The Wadi Rayyan Archaeological Project (WRAP), Jordan.

The Wadi Rayyan Archaeological Project is funded by the Australian Research Council (ARC) based at the Dept of Archaeology, University of Sydney, and affiliated with the Council for British Research in the Levant.

The Wadi Rayyan project aims to investigate the development of tree crops in the late prehistoric and proto-historic periods in the southern Levant.

The Wadi Rayyan Archaeological Project is grateful for the continued assistance of Fawwaz al Khraysheh, Director General of the Department of Antiquities, Jordan, and his staff in Amman and in the Ajlun district office.

The site of el Khawarij (Wadi Rayyan) in March 2003

Olives are the essence of the Mediterranean region today and evoke powerful images of the climate, cuisine and social environment of the region. In 1993 Alex Joffe published his Settlement and Society in the Early Bronze Age I and II, Southern Levant in which he claimed that the export of olive oil to Egypt was the impetus for the Early Bronze Age (EBA) urbanisation process in the southern Levant (Israel, Jordan and Palestine). His idea was that the production and subsequent trade in olive oil (perhaps considered a luxury good) provided the mechanism for regular contact between the rural southern Levant and the highly centralised Egyptian state, which then prompted the state formation process in the Levant (ca 3500 BCE onwards). It has also been more recently suggested that the preceding Chalcolithic period saw a great number of political and economic changes and these might well have been triggered by prehistoric contact with the Egyptian delta which began as early as the Neolithic. In 1993 there was little direct evidence to support an EBA olive oil production, but recent excavations at Chalcolithic (4500-3500 BCE) sites in Jordan and Israel have revealed, for the first time, evidence for the domestication of the olive (Meadows 2001, 2005).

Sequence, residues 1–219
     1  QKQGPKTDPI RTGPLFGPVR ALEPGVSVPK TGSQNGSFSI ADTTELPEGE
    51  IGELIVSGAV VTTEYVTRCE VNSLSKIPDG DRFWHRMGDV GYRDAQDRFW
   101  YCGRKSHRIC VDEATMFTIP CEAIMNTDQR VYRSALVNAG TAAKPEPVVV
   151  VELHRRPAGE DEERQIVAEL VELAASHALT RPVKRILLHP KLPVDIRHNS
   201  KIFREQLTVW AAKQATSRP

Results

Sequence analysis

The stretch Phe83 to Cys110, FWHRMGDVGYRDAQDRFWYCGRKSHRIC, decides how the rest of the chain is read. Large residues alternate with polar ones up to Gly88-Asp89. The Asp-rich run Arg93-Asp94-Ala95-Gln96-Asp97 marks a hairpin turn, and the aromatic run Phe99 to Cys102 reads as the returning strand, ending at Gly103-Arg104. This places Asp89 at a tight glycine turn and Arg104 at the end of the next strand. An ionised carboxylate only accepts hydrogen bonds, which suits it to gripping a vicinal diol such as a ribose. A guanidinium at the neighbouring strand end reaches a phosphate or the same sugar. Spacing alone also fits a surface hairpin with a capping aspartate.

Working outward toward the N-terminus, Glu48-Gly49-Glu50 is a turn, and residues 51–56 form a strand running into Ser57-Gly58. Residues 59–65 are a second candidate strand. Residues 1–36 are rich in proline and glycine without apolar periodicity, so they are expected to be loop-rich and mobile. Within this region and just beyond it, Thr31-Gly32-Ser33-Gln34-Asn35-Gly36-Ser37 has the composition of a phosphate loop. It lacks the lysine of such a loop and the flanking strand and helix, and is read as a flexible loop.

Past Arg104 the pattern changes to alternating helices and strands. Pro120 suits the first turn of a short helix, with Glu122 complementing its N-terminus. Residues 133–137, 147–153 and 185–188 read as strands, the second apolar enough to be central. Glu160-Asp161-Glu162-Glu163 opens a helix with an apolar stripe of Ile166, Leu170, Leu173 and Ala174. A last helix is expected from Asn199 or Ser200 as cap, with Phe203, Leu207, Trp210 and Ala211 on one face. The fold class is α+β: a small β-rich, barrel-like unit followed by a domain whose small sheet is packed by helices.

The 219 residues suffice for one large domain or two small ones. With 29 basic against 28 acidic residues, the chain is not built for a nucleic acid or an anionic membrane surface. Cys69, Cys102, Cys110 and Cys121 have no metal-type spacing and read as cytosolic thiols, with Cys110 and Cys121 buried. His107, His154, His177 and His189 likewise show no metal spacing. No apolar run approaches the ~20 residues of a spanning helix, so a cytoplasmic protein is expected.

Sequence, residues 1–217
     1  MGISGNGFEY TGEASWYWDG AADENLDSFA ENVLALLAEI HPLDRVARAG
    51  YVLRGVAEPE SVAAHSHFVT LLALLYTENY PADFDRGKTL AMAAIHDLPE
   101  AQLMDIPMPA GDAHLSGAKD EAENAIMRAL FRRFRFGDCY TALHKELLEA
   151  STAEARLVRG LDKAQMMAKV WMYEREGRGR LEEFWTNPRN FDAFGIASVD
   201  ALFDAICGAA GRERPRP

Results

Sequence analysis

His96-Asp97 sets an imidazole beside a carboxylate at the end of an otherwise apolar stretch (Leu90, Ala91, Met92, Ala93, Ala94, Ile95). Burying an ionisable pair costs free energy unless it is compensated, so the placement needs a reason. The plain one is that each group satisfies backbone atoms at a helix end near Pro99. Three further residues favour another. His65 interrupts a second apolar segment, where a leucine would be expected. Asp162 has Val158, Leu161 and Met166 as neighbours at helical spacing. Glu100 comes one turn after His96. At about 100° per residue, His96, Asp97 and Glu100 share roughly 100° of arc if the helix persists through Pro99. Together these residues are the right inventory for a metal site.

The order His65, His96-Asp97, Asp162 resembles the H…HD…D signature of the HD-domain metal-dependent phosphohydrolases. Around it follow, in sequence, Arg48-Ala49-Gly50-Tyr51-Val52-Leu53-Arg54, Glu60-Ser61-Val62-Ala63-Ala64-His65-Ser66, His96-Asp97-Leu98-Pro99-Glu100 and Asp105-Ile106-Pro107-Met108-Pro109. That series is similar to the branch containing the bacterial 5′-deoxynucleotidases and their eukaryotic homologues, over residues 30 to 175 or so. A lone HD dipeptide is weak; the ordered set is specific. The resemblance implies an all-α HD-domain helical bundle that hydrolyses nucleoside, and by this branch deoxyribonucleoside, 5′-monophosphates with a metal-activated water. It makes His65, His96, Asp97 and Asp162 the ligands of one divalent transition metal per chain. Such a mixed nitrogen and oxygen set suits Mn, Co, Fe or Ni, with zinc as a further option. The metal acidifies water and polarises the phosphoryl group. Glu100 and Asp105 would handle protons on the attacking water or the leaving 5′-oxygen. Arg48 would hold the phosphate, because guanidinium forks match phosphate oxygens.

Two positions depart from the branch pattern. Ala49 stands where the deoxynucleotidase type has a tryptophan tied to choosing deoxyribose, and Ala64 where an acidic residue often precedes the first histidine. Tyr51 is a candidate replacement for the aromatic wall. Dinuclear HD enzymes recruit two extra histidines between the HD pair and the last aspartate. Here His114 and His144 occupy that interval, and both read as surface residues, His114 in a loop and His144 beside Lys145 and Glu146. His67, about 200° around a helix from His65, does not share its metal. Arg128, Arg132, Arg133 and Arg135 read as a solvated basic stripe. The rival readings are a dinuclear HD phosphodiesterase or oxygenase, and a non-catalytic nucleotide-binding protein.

The wadi Rayyan sites provide a perfect opportunity to test the relationship between olive domestication and settlement patterns in later prehistory. Both have abundant evidence of agricultural processing (features cut into the bedrock) and both have clear evidence of Chalcolithic/EBA occupation.

These two sites, probably satellites of the larger Jordan valley townships, are chronologically on the cusp of state formation processes in the southern Levant (3500 - 3000 BCE) and invite discussions about the relationships between small and large villages and towns in an ecologically diverse agricultural landscape. It is possible that the olive producing highlands relied upon the valley sites to supply grain and other staples and this has huge implications for our understanding of the organisation and complexity of the rural hinterland in the Late Chalcolithic and EBA.

For further information on this project please contact the project director: